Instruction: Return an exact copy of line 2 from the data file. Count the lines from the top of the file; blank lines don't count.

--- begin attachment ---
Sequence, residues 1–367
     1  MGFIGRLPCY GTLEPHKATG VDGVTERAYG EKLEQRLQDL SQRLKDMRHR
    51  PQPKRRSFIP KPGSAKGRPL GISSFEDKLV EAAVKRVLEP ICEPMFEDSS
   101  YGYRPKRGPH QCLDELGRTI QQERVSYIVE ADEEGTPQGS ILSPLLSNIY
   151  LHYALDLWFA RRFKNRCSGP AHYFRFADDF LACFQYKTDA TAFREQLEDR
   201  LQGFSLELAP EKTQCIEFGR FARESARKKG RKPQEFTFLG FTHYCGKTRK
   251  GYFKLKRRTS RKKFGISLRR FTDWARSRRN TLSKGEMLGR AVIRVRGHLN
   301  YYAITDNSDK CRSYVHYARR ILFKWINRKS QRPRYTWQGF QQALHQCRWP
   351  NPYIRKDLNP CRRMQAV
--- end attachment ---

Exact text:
     1  MGFIGRLPCY GTLEPHKATG VDGVTERAYG EKLEQRLQDL SQRLKDMRHR